Much of the former Soviet bloc is lagging in the Euromoney Belt & Road Index, demonstrating slow progress – but also substantial opportunities.
Despite the fact 39 of the 68 countries in the Euromoney Belt & Road Index (EBRI) improved in Q3 2021 relative to Q2, many countries in eastern Europe and central Asia are lagging in tier 4, with index values less than 100.
An index value below 100 describes a deteriorating investor environment, according to its constituent factors. They are GDP and the various economic and political risk indicators included in Euromoney’s country risk survey providing guidance to the business environment.
Azerbaijan, Belarus, Kazakhstan, Russia and Ukraine all moved up from tier 5 before the pandemic struck, but remain mired in tier 4, behind countries with stronger growth rates and business climates. Many of these are EU members, or are aspiring to join, and are in receipt of substantial financing as a result.
According to Nicolas Firzli, director of the G20 Pensions Forum and advisory board member of the World Bank Global Infrastructure Facility, the southeastern European countries, such as Albania, Bulgaria, Montenegro, North Macedonia and Slovenia have improved in the EBRI, reflecting their positive macroeconomic outlooks and “newfound investment attractiveness of these once peripheral countries”.
“The accelerating Sino-American rivalry along the New Silk Road, triggered by Beijing’s Belt and Road Initiative (BRI) and the belated financial response by the Biden White House and G7 policymakers – at Carbis Bay in June – known as Build Back Better World (B3W), have changed the geo-economic equation for good,” he says.
“Skopje, Sofia, Belgrade and Podgorica are now at the very centre of the Eurasian continuum, attracting billions in foreign direct investment (FDI) every quarter from both western investors (US, UK, EU) and Chinese state-owned enterprises (SOEs), thus ensuring solid growth prospects for that strategically located region.”
The question is whether other countries will catch up and how China views them strategically from the Belt and Road perspective.
Take Ukraine, with which China has engaged more systemically this year in the light of worsening relations with the west and central and eastern Europe, highlighted by Lithuania pulling out of the crumbling 17+1 bloc, an initiative devised by China to foster business and investment relations.
Ukraine is seen as important for diversifying the northern corridor of the new Silk Road, with Kiev eyeing up the opportunities of bridging the east-west divide by way of lucrative export opportunities and improvements to its transport infrastructure.
Yet, according to Iikka Korhonen, head of research at the Bank of Finland Institute for Transition Economics, “Ukraine has been reluctant to sell agricultural land, and the privatization of state-owned companies, which could be attractive targets for the Chinese companies, has been very slow”.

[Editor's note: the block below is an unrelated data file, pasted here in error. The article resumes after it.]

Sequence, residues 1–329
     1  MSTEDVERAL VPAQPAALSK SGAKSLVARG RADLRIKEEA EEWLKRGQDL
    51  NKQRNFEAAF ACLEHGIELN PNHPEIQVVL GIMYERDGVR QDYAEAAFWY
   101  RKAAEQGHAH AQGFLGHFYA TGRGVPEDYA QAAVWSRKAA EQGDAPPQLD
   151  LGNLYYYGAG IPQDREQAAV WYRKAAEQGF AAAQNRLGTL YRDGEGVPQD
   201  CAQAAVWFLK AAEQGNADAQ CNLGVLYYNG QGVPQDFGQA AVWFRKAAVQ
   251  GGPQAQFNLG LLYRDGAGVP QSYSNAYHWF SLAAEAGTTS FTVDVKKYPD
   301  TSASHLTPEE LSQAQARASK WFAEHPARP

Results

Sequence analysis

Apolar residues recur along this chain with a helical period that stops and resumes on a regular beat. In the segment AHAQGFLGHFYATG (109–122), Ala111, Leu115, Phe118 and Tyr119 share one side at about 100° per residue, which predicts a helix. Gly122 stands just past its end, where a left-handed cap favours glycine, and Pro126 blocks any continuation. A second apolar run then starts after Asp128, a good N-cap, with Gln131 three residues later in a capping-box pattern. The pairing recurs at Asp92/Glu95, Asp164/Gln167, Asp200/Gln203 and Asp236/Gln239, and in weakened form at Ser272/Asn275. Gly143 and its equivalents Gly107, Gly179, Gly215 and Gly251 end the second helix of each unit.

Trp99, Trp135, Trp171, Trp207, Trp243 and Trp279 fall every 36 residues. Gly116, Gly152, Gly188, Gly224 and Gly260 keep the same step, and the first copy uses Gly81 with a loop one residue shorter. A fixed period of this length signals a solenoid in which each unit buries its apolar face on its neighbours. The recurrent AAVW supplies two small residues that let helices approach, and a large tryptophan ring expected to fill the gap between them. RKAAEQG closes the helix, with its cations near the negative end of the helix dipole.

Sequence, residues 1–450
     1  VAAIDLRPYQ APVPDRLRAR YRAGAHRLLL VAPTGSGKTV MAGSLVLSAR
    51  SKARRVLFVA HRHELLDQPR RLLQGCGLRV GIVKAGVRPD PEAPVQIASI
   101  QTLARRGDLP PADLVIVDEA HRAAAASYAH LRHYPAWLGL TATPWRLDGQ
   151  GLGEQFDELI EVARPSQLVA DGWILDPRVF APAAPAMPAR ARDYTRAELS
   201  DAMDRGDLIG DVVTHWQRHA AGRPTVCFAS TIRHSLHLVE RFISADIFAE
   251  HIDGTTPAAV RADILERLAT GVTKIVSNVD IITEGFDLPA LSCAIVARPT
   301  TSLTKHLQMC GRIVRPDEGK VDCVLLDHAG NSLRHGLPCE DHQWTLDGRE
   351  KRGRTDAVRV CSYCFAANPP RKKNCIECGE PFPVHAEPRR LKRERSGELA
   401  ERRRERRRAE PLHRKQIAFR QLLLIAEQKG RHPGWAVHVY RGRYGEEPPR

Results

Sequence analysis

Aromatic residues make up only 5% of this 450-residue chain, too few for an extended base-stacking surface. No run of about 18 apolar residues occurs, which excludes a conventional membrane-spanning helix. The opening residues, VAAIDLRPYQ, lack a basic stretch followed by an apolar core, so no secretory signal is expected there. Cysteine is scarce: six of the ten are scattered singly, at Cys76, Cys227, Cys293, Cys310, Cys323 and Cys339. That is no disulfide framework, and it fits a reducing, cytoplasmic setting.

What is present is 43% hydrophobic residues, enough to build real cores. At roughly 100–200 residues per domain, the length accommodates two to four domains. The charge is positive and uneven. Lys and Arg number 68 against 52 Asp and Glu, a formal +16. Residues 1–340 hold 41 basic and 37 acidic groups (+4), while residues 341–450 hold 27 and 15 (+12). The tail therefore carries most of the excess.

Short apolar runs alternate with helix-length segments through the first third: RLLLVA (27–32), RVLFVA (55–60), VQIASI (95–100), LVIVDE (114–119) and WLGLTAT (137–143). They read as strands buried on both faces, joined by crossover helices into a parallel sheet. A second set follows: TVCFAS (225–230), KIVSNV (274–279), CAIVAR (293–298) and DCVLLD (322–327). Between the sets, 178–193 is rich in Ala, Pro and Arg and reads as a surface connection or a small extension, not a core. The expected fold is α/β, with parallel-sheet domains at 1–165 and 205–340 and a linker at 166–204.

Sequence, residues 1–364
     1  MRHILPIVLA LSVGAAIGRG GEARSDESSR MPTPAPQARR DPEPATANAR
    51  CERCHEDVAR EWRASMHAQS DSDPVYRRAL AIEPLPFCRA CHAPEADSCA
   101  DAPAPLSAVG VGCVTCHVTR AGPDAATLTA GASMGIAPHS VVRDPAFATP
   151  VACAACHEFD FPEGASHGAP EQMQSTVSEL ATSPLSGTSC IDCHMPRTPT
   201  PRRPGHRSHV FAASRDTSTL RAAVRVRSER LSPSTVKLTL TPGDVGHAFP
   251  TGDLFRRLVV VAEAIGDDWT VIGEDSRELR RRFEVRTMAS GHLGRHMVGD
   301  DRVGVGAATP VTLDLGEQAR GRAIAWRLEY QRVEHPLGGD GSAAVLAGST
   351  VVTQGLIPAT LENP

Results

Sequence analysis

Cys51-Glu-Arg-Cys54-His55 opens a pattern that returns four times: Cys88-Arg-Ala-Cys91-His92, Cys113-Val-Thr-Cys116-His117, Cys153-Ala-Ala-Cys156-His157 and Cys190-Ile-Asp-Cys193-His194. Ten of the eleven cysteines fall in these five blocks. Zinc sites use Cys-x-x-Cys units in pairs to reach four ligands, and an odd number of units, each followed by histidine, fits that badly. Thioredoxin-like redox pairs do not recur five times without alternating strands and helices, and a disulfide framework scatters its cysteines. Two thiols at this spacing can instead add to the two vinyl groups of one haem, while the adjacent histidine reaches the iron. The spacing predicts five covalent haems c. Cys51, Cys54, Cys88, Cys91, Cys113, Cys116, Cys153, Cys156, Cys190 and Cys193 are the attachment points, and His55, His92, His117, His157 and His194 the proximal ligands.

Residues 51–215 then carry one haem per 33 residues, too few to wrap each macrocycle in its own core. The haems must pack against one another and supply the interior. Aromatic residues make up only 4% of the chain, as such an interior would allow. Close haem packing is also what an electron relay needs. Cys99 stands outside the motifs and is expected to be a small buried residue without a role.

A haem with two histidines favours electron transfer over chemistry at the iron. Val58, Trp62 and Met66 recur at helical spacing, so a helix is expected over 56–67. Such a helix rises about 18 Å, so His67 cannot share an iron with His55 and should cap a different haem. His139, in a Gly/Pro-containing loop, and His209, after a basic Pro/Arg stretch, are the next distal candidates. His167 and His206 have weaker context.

Furthermore, he states that much of the transport and energy infrastructure, for example, is owned by local oligarchs.
“Their power – both financial and political – stems from owning these assets,” says Korhonen. “So, they are very unlikely to sell.”
He also makes the point that when the Chinese are looking to invest in “something sensitive”, roadblocks are often put in the way, noting that at the insistence of the US, China was prevented from taking over the Ukrainian military aircraft engine manufacturer Motor Sich.
Spanning the region
Whereas Tajikistan, Turkmenistan, Moldova and Uzbekistan are all riding high in the EBRI’s tier 2, with index values close to 200, Ukraine and other countries in the region are far lower – and in that respect they still offer considerable opportunity for development driving fast-paced growth.
Constantin Gurdgiev, a professor at the Middlebury Institute of International Studies, argues that the weaker gains for countries such as Russia, Kazakhstan and Azerbaijan are supported by a “myopic view of these economies as lacking growth momentum before the onset of the pandemic and, correspondingly, witnessing a slower recovery since the stabilization of the pandemic in mid-2021”.
All three, he says, face substantial tailwinds from rising energy prices and the acceleration in demand for primary materials in Europe and Asia.
“The ongoing supply-chain chaos engulfing much of the world puts forward stronger incentives for China, as well as Russia, to develop alternative shipping-route infrastructures to counter the migration of production hubs away from Asia, and to mitigate the risk that existent shipping lines can be weaponized by the US,” adds Gurdgiev.
From China’s point of view, he says, the current supply-chain crisis in international trade requires a strategic response aimed at mitigating similar disruptions in the future.
“One pillar of such a response would be to complete the central Asia-Russia-Europe leg of the Belt and Road Initiative,” says Gurdgiev. “Another pillar is to identify suitable counterparties that can serve as assembly, manufacturing and logistics hubs for supplying European markets – in a way, entrepôts into the EU.”
From both points of view, Ukraine and Belarus, he argues, offer China excellent opportunities for inward investment aimed at developing transport and logistics systems linked with the BRI.
Of the two, Belarus, with an index value of just 85.26 in the EBRI, is more promising in terms of its demographics and its links to Russia and central Asia.
However, the recent political unrest in Minsk has de facto cancelled any serious chances of large scale Chinese FDI flowing into the country.
This explains why, he says, that after years of watching the sustained depreciation of Ukrainian assets, Beijing is starting to show interest in moving into Ukraine.
The question is how far Kiev will go in cooperating with Beijing. The BRI could prove the game changer.